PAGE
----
Cost-Effective Compassion
Religion & Liberty Online

Cost-Effective Compassion

What are the best ways to help the poor in developing countries?

Answering that question is not as straightforward as you might assume, says development economist Bruce Wydick in Christianity Today. As Wydick notes, most relief and development organizations carry out self-assessments and measure impact based on self-studies, methods that are neither unbiased nor empirically rigorous.

So to get a better answer to the question Wydick polled ten other top development economists. He asked them to rate, from 0 to 10, some of the most common poverty interventions to which ordinary people donate their money, in terms of impact and cost-effectiveness per donated dollar. Although Wydick gives a more detailed explanation of the results in his article, the following is a list of their ranking:

1. Get clean water to rural villages (Rating: 8.3)
2. Fund de-worming treatments for children (Rating: 7.8)
3. Provide mosquito nets (Rating: 7.3)
4. Sponsor a child (Rating: 6.9)
5. Give wood-burning stoves (Rating: 6.0)
6. Give a micro-finance loan (Rating: 4.2)
7. Fund reparative surgeries (Rating: 3.9)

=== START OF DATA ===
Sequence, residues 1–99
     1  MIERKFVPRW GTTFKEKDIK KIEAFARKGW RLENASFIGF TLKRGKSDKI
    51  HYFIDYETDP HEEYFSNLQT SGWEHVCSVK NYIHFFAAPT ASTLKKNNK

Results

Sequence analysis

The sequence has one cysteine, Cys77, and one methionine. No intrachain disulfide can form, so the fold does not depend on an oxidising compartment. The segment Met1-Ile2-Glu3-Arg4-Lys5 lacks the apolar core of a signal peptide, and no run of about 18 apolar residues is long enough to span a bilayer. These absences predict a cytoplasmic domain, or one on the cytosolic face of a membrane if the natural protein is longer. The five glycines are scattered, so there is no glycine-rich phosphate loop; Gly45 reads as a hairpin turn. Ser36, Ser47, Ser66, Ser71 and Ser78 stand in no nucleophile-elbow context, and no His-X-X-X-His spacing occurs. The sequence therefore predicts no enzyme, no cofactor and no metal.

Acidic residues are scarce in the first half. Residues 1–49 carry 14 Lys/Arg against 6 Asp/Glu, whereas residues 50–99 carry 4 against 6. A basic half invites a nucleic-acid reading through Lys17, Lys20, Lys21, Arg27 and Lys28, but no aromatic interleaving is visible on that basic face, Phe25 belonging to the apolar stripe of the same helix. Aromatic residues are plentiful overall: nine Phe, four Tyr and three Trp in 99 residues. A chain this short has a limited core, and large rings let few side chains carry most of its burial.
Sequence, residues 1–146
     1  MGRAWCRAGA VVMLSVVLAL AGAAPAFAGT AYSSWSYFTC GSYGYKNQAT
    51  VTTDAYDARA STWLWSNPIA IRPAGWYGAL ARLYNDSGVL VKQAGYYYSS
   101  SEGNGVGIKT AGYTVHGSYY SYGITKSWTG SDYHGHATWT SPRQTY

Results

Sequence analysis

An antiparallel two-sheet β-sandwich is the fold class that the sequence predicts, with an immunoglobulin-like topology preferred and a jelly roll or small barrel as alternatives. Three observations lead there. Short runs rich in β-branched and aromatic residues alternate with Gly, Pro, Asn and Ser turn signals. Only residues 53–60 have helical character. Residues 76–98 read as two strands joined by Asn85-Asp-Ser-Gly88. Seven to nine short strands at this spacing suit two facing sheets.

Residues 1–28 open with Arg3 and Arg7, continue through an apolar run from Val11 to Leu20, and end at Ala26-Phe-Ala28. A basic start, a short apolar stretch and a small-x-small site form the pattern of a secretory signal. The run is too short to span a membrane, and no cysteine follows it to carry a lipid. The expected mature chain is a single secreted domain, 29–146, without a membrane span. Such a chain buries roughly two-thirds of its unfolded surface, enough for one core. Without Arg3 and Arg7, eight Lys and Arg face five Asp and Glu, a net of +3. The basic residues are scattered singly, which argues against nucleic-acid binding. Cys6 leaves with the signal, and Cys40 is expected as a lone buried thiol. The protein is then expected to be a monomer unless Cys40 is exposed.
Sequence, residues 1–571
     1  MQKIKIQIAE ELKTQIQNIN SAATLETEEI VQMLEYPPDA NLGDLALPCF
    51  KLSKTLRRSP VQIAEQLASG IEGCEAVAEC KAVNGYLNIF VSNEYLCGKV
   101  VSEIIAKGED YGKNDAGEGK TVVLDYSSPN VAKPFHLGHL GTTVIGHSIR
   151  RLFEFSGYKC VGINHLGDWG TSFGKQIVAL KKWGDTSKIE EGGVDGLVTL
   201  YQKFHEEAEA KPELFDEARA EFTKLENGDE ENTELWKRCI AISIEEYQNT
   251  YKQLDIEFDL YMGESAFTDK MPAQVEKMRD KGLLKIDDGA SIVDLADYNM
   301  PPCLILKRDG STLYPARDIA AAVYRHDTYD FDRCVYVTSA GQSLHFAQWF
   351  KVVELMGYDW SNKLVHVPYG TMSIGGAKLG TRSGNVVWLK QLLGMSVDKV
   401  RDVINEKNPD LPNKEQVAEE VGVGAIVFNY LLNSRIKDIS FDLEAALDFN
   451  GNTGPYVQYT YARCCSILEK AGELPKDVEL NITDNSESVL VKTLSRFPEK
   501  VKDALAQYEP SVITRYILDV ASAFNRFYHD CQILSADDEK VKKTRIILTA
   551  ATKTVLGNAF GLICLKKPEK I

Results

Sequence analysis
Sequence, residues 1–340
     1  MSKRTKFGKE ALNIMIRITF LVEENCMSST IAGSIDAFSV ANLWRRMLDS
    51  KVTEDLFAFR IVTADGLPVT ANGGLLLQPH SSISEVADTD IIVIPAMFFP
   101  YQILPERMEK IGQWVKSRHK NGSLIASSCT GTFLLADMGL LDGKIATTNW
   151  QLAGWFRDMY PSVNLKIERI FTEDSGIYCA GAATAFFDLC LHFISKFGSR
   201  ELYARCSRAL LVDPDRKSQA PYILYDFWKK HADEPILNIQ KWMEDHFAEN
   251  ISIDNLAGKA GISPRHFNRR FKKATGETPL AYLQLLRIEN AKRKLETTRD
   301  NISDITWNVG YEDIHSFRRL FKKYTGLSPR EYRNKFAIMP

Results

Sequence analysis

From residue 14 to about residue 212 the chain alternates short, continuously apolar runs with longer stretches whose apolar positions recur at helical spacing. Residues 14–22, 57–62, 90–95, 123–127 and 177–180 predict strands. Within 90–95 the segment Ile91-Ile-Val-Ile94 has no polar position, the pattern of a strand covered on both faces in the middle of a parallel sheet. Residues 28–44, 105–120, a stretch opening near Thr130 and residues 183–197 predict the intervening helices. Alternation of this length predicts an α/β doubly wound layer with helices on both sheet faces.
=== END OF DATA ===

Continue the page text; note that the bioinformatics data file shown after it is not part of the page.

8. Donate a farm animal (Rating: 3.8)
9. Drink fair-trade coffee (Rating: 1.9)
10. Give a kid a laptop (Rating: 1.8)

One of the key takeaways, says Wydick, is that the list “suggests little relationship (perhaps even a negative one) between marketing hype and program effectiveness.”

In other words, drinking fair-trade coffee and giving laptops to the poor may make Westerners feel better about themselves, but the most effective acts of compassion are still providing the simple things—like clean water and mosquito nets—that allow people in extreme poverty to lead a healthier life.

Joe Carter

Joe Carter is a Senior Editor at the Acton Institute. Joe also serves as an editor at the The Gospel Coalition, a communications specialist for the Ethics and Religious Liberty Commission of the Southern Baptist Convention, and as an adjunct professor of journalism at Patrick Henry College. He is the editor of the NIV Lifehacks Bible and co-author of How to Argue like Jesus: Learning Persuasion from History's Greatest Communicator (Crossway).